Daily Mirror (Sri Lanka)
How social media is helping bloggers make a lasting impact
Hiking in the Knuckles mountain range, waterfalls in Bambarakanda, panoramic views of the Southern Coast from atop Elephant Rock, or the picturesquely framed terraced rice fields of Uva. If these locales ring a bell, then congratulations you're probably more well-travelled than the average Sri Lankan tourist, but if not then fret not as a new brand of Sri Lankan bloggers and influencers have arrived to sate your wanderlust.
Foremost among them is Tashiya De Mel, who runs the @Lostinceylon handle on Instagram, where she takes you on a curated journey off the beaten path, introducing her 6000-strong follower base to the beauty of Sri Lanka that not many may be familiar with.
“There's a ton of travel influencers or bloggers, going to places, showing the inside of a hotel room, showing the food that they ate. That's not what I want Lost in Ceylon to be about; it's not about me,” explains De Mel, who scarcely even has a picture of herself posted on her page.
“There's a lot of diversity in places to see, but people don't see them as much.” Indeed, when travelling around Sri Lanka there's now a veritable checklist of sites to see for the average tourist: Yala and Wilpattu National Parks, Sigiriya, World's End, Horton Plains, Unawatuna, Arugam Bay, Galle, to name but a few. For De Mel, her travel
The hope is that as the situation in the country gradually improves her page can serve as a platform for tourists to find travel destinations where social distancing is made easier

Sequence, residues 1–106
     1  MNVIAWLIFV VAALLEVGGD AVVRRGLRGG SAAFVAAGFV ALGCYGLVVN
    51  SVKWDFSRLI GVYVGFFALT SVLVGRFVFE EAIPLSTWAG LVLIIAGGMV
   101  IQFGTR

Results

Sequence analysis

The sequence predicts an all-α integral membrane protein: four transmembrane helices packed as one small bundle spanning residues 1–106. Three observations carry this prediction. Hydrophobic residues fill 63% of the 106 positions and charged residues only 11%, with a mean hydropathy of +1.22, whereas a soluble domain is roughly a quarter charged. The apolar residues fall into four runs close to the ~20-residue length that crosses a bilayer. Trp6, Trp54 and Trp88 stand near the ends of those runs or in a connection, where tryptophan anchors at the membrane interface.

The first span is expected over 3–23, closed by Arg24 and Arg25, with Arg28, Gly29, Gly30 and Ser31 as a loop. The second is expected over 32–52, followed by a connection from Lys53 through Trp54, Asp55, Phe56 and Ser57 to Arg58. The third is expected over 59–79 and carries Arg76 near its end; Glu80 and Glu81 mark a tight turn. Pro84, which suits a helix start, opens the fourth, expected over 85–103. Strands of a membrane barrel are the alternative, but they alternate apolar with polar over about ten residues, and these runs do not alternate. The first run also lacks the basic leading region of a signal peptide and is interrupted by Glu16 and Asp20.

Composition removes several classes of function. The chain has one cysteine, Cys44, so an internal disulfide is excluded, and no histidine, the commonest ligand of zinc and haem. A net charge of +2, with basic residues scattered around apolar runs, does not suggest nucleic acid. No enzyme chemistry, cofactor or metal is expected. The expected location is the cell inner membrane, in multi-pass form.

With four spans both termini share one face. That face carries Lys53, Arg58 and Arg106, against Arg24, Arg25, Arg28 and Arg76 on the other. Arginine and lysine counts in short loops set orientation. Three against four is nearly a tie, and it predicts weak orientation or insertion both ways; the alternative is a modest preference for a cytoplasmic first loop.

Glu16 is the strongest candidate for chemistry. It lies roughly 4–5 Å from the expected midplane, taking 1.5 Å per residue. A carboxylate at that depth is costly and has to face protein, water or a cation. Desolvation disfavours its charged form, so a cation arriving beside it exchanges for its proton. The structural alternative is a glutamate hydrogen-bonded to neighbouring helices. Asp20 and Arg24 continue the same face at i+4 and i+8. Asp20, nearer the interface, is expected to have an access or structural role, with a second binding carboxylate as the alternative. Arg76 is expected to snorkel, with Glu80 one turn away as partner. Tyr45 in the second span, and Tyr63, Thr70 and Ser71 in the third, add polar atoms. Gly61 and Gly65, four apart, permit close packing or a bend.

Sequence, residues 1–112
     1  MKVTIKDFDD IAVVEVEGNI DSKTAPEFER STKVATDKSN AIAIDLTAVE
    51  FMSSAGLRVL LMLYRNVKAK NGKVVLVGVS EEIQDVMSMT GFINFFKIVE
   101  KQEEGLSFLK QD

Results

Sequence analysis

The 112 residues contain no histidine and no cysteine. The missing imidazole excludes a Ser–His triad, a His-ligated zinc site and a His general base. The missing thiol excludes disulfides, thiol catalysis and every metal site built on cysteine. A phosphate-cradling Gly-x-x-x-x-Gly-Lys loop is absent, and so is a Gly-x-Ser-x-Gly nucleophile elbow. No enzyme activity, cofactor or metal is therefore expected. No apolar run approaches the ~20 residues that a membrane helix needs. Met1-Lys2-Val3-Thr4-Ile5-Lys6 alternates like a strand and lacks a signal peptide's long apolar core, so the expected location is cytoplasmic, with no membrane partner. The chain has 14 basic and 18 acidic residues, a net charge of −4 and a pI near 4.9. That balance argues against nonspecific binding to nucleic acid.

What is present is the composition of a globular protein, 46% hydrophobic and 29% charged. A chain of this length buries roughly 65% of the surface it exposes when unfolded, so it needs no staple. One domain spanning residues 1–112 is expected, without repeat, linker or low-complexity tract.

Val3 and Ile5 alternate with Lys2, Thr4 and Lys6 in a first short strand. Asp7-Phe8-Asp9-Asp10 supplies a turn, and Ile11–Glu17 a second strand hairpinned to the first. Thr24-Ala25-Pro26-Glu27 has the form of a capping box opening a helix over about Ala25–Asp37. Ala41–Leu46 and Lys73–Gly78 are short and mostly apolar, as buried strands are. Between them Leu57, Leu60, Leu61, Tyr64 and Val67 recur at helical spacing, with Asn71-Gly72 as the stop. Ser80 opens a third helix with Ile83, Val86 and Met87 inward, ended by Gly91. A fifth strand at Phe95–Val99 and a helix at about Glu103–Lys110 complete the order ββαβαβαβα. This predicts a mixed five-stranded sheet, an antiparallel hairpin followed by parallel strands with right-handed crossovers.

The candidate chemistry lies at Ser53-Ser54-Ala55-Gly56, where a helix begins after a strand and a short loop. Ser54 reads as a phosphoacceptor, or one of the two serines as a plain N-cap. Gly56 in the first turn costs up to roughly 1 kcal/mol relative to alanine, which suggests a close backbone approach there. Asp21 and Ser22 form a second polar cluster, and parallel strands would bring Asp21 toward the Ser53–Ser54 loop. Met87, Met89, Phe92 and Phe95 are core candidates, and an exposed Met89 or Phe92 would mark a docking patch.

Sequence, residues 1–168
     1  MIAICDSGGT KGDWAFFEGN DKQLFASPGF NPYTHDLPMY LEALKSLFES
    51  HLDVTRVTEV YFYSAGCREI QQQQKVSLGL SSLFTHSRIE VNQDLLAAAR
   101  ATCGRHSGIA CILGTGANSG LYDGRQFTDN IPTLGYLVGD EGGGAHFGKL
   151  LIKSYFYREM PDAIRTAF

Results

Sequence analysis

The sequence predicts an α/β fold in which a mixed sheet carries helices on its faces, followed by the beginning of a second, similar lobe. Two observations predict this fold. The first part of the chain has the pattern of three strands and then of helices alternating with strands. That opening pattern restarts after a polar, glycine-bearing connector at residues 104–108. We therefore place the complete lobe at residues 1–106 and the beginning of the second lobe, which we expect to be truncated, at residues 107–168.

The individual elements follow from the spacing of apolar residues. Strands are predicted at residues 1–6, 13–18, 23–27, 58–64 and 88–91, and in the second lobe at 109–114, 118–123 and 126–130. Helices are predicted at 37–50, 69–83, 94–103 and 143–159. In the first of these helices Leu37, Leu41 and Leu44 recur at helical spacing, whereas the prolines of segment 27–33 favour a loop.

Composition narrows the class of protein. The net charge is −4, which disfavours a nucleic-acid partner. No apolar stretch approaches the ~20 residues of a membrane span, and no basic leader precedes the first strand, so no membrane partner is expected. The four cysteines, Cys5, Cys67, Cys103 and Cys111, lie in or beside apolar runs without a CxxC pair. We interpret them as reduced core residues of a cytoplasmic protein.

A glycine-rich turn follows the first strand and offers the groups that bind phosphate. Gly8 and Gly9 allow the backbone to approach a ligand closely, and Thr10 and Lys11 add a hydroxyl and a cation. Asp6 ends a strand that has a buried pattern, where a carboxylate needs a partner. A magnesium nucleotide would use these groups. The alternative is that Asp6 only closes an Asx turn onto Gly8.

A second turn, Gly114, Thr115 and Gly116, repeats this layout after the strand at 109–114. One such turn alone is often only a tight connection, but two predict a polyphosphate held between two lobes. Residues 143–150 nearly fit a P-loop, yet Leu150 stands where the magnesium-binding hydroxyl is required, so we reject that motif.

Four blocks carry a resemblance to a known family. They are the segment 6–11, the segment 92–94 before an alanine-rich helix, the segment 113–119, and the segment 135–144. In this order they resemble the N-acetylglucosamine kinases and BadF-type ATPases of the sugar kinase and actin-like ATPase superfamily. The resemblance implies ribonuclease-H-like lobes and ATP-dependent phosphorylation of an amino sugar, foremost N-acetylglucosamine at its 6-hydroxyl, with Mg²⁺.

adventures around Sri Lanka started similarly but it wasn't long before she began to see the vast downside to tourists flocking to the same sites repeatedly.
“What I started realising once I started doing this was other things within tourism and travelling - things that I felt really wasn't part of the conversation - like pollution, waste, and over-tourism.
“I wanted to start addressing issues of how we travel more responsibly, how do you think about stuff when you go to a new landscape, how do you appreciate the place you're in? And then work towards conserving that in some way.”
De Mel, who is a communications specialist by trade but has always had a passion for photography, says Instagram has been the ideal platform for getting her message across, while certain features, such as Instagram Stories, she says has allowed her to share her experiences in as authentic a way as possible.
“Instagram has been crucial in showcasing that aspect, and giving people a very visual way to understand the message.
“I also try and keep my stuff simple. As a visual person I try to post what I like to see. In that sense I like for the video or visual of the landscape to speak and the text accompanying it to be minimal, and only with information you need to know. And always making it a story in some way, where you mix it up with polls and questions as well.”
This has also allowed De Mel to, in a way, create a branding for herself and her content, with her followers now able to easily differentiate her content from other pages simply by virtue of their stylistic feel.
“It's helped me develop a visual style that I use. It's sort of like a branding in a way, which is something I try to stick with, so that people know it's me posting when they see the content.
“The beauty of Instagram is very visual, it's clean, it works nicely. I'm not an expert on anything, I'm just a person talking about issues or trying to get people to understand certain things.
I would not have been able to do it on other platforms or in my own capacity.” Following the outbreak of COVID-19, De Mel's travel excursions have definitely taken a back seat, but the hope is that as the situation in the country gradually improves her page can serve as a platform for tourists to find travel destinations where social distancing is made easier.
The virus has also shed light on the continuing importance of addressing issues such as climate change and environmental pollution, with the studies showing the increasing prevalence of extreme weather events making the future containment of similar viruses much harder.